Both of the funerals were for people around my age who leave dozens and dozens of bereft family and friends.
For both there was music – Pearl’s A Singer and Tom Wait’s (Looking For) The Heart of Saturday Night (I’m listening to Tom now) – laughter and stories about what kind of a person had just gone.
There were tales from childhood, early freedom escapades, careers, loves and passions. It’s the strangest thing: assembling the achievements, friendships, quirks and hobbies that comprise a life. And we only do it when the life is over.
Even those closest to the deceased – chief mourners, a hard-earned rank – don’t know all the parts that make the sum of their person.
While these deaths are the saddest of the sad, it’s not my intention to jerk further tears. There have been enough.
Instead, what I wonder will they say about me, hopefully a very long time from now, when it’s my turn?
Even taking into account the automatic upgrading that dead people get in their rankings, I’m going to start now grabbing a little more and leaving things slightly better than they were.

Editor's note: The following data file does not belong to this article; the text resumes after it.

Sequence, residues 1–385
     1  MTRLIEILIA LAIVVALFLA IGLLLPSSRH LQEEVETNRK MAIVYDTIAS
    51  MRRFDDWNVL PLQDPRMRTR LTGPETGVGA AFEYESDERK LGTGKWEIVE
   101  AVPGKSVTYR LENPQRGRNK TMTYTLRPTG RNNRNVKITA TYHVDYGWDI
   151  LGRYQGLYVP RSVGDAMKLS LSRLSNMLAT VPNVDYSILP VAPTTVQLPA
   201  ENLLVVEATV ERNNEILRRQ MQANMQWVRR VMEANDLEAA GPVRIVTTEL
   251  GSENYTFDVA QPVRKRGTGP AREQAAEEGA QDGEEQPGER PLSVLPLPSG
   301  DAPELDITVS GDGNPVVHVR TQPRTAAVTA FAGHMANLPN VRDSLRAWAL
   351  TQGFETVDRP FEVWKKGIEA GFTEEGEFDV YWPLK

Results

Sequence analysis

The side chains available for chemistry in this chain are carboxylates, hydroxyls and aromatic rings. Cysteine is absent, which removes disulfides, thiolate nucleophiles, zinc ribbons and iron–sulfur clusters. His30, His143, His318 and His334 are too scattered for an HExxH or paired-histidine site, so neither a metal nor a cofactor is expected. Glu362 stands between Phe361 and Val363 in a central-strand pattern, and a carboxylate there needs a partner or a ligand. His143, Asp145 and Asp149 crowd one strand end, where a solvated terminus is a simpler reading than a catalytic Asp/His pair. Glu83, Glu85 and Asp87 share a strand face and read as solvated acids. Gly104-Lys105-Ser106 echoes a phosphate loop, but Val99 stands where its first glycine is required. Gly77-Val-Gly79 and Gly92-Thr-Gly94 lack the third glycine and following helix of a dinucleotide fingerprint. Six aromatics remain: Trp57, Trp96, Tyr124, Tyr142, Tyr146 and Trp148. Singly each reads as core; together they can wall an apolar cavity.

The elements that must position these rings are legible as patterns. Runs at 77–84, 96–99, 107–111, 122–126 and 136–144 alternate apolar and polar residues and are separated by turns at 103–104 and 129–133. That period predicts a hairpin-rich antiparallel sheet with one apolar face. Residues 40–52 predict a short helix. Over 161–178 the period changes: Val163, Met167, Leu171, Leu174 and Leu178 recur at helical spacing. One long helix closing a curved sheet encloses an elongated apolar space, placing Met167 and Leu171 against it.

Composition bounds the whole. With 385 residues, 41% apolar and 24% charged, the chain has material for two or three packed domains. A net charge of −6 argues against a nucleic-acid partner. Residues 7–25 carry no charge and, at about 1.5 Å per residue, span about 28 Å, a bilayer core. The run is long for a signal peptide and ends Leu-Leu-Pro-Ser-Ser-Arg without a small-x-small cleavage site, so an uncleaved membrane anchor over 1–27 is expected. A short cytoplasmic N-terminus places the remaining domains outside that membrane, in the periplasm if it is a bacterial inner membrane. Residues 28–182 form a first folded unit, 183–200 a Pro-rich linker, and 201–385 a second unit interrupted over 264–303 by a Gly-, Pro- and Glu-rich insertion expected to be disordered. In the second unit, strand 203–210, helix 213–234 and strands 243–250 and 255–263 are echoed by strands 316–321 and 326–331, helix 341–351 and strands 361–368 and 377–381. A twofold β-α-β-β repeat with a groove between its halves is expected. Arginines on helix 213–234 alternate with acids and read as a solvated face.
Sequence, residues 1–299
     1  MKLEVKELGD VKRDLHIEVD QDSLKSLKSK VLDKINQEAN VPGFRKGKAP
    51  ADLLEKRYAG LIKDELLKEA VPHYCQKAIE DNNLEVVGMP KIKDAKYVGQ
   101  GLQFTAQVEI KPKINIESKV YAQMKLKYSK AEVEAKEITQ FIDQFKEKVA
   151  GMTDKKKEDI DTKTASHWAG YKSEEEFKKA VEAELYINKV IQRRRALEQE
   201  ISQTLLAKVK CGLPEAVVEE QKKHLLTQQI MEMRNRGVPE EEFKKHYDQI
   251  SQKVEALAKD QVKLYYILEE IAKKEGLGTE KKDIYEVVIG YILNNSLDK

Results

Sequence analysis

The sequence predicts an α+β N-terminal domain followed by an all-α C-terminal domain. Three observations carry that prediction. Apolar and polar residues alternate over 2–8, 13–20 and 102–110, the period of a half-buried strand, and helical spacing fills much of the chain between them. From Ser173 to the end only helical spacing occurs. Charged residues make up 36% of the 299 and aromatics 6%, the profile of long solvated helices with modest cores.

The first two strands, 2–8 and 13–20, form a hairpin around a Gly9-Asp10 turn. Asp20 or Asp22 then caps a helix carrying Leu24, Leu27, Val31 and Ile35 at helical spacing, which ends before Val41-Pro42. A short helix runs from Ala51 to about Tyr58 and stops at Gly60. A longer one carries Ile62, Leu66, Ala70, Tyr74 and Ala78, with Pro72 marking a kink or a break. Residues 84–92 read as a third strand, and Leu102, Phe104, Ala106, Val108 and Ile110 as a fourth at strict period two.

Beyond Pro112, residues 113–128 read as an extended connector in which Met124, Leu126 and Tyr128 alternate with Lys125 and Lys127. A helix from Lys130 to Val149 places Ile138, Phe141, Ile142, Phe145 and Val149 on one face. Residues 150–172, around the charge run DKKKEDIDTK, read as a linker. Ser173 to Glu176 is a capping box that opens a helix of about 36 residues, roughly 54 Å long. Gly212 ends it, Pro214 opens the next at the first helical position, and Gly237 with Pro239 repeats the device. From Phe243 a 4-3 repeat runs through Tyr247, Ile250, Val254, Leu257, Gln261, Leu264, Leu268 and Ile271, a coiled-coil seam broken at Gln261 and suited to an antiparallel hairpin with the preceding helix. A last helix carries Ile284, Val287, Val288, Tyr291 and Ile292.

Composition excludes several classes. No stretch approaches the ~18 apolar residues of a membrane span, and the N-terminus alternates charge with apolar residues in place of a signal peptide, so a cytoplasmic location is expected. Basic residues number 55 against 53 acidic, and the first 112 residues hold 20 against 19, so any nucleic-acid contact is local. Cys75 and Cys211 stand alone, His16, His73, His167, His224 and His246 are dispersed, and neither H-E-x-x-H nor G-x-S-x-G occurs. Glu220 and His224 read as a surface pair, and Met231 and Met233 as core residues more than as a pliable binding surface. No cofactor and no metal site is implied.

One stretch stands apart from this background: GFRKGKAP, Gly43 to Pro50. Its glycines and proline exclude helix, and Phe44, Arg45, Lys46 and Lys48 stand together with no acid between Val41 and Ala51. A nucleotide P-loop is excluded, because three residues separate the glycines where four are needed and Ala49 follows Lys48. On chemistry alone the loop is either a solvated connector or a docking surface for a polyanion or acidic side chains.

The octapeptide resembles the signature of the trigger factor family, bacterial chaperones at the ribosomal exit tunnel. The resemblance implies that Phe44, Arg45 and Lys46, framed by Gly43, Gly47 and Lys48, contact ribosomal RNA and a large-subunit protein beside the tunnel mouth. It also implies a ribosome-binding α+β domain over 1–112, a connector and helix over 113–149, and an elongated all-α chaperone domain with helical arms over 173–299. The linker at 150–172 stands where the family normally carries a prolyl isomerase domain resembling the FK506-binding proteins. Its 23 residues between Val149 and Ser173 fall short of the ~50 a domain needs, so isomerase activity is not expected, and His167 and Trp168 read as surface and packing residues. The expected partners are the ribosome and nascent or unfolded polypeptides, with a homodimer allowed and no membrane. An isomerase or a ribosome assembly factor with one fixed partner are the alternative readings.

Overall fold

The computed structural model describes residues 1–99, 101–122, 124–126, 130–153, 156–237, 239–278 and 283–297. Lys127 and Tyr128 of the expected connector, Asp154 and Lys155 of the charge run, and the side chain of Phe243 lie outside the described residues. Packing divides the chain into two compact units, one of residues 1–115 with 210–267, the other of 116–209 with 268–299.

I wrote about the task of finding positives in the face of more exits than entrances recently and one reply, from Michelloui struck me.
She said: “After a bout of similar episodes 25 years ago when I was too young to process them effectively I spent years worrying and full of anxiety. Then someone said to me ‘Picture yourself as a very old woman. How would that old woman advise you to live your life?’ It was an epiphany. Now I too seize the day, I don’t want to look back at years of wasting my life worrying!”
So today’s mission is to give the eulogy writers something to go on and to make sure that old woman looks more tired than disappointed.
Pic: life being a bowl of metaphoric cherries, in case you wondered